The weak, uneven nature of the story isn't helped by the miscasting of two of the five major roles. As adorable as she may be, Jessica Alba is not right for Sue Storm, a.k.a. Invisible Girl. This is the worst portrayal of a female scientist since Denise Richards tried it in The World Is Not Enough (Merry Christmas, indeed). She's not convincing. She delivers her lines like she's reading them off cue cards. I would normally call Alba wooden, but her body moves with such fluidity that it's unfair in this case. Also less than impressive is Julian McMahon, who's too busy acting suave to be menacing. Dr. Doom is arguably Marvel's most famous bad guy, but here, he's just another jealous guy in a mask.
On the flip side, three of the Fantastic Four are good. In a way, Ioan Gruffudd (it's easier to say than spell) has a thankless task. Reed Richards, a.k.a. Mr. Fantastic, isn't the most charismatic superhero. He's the geek of the group. Gruffudd recognizes this and underplays his part, allowing Reed to remain in the background until circumstances force the character into the spotlight. Chris Evans is on-target as the brash-yet-likable Johnny Storm, a.k.a. the Human Torch. There are times when you want to reach into the screen and slap him, but it's not hard to see that he's basically a nice guy who needs to grow up. The real standout is Michael Chiklis. Despite being buried under layers of latex, Chiklis brings out the humanity in Ben Grimm, a.k.a. the Thing. He's Fantastic Four's Wolverine - the one among equals who steals nearly every scene he's in. Chiklis makes us feel for the Thing, whose conflicted emotions about his appearance represent one subplot that works.
Speaking of subplots, there's an annoying love triangle between Reed, Sue, and Victor that seems to have been written by and for 12-year old girls. Sue and Reed have some nice scenes together, but forcing Victor into the mix doesn't work. That's not the only problem with the good Doctor. He's a villain without a credible motivation. Are we supposed to believe that he wants to rule the world because he's jealous of Reed and has had a bad day on Wall Street? This isn't the Doctor Doom I remember. I'd say bring on Galactus for the next film (if there is a next film, which is by no means a certainty), but I'm afraid of what they'll do to him.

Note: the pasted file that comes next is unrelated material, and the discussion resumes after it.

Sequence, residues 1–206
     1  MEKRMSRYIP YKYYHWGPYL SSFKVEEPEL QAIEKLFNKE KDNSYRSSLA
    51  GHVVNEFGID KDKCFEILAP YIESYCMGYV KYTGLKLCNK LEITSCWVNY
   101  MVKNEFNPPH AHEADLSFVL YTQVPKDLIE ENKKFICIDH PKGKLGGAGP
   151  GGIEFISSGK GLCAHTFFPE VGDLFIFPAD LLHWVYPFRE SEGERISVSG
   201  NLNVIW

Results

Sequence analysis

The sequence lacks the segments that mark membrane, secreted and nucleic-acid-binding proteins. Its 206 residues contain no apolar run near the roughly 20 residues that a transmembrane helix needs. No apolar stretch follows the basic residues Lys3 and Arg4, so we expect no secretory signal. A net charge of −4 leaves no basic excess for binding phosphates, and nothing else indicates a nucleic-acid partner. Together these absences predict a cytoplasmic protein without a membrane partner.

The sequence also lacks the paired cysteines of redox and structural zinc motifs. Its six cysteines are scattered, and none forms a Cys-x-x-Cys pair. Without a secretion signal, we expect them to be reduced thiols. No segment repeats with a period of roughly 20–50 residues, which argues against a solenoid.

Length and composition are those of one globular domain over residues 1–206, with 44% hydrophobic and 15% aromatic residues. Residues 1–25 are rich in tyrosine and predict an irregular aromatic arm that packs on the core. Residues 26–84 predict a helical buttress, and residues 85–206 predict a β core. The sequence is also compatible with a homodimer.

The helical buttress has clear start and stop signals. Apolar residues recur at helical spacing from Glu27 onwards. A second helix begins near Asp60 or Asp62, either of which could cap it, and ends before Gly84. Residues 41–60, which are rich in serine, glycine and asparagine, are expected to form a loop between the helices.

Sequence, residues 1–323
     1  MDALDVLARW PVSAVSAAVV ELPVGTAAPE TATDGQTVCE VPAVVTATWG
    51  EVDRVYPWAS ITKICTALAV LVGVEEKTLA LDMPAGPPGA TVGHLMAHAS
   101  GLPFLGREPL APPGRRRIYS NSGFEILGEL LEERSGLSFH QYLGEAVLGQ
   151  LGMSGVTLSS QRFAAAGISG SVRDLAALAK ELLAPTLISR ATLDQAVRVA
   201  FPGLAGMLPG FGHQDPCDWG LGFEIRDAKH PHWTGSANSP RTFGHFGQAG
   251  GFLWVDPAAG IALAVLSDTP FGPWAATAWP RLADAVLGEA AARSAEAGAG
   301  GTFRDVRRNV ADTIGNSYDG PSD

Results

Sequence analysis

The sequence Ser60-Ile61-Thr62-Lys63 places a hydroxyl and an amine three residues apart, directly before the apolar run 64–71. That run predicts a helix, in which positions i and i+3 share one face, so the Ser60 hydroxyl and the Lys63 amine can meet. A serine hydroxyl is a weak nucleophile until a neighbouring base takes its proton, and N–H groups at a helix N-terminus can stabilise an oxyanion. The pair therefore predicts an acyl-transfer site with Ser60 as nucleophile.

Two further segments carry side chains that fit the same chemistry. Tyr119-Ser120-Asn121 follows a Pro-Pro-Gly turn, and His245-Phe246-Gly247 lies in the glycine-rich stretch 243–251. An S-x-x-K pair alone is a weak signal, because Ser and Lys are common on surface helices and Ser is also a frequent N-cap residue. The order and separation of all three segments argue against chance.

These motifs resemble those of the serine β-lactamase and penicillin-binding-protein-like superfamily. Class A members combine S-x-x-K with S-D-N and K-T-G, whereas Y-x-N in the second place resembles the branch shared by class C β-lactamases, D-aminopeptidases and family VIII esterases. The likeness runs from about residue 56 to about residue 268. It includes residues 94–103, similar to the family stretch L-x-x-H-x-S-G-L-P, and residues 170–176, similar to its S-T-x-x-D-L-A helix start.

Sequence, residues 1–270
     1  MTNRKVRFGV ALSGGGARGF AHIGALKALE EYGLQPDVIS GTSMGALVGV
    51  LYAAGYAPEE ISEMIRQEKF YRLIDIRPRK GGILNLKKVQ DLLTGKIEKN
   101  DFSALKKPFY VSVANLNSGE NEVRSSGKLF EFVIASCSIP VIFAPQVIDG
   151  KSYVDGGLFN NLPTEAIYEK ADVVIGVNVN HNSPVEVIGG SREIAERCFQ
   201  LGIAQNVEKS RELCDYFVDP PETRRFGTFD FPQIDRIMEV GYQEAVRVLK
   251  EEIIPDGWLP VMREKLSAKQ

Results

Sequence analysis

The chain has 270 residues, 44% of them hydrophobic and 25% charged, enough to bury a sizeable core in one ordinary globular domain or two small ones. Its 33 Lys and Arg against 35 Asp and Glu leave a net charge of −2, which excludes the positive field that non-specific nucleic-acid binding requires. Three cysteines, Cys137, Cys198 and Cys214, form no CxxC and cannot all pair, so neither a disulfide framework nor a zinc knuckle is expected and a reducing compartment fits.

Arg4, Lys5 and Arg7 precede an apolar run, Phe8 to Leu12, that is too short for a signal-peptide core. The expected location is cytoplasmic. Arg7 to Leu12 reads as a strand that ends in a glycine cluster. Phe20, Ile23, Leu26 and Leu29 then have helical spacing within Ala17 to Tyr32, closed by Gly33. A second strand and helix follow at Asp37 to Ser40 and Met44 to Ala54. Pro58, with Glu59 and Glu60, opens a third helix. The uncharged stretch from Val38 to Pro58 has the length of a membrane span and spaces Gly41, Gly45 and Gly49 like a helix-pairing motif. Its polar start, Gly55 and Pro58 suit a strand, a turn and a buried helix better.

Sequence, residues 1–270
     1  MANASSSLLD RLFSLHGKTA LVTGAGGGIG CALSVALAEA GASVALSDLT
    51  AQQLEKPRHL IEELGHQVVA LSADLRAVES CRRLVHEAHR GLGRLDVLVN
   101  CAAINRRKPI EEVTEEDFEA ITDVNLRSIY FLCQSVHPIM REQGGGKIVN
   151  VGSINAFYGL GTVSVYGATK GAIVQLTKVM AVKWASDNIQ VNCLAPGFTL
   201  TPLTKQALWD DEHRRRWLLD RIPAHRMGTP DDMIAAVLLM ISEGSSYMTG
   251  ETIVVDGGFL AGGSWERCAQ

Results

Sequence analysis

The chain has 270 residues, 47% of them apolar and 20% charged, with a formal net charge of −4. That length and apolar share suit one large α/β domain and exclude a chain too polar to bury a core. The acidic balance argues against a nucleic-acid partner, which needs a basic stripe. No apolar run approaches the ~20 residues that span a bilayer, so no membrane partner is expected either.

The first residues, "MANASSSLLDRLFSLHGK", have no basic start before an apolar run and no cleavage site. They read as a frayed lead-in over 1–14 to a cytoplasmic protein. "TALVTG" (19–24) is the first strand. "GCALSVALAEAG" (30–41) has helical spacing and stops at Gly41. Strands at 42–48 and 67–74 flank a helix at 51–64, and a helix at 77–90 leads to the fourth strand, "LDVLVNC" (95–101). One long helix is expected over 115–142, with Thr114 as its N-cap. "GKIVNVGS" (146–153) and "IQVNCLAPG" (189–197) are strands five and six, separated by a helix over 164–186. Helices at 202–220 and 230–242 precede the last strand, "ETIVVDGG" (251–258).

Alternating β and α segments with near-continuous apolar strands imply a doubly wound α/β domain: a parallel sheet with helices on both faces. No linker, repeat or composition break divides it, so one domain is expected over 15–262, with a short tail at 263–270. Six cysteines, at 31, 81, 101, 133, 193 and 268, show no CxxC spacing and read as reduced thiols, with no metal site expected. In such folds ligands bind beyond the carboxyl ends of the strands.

Director Tim Story (Barbershop) fails to develop a consistent tone, and this picture seems targeted at a less mature audience than many of the recent comic book movies. Alba has the dubious distinction of going from one of the most mature of these (Sin City) to one aimed squarely at the crowd for which PG-13 was created. It's tough to blame all of Fantastic Four's problems on Story, but he certainly didn't do a lot to downplay the screenplay's flaws.
Fantastic Four has its good points - there are individual scenes that work. (Consider Ben's "discussion" with a suicide victim and his meeting with Kerry Washington's Alicia.) The special effects are variable, but all four of the superheroes are rendered effectively. There's a nice sense of teamwork in the final battle, and it contains moments of surprise and excitement. Too bad that it comes too quickly and with too little build-up. Fantastic Four is frustrating because it doesn't seem far removed from a wholly enjoyable motion picture, but the tempo's off, beats are missed, and the production ends up sounding out-of-tune.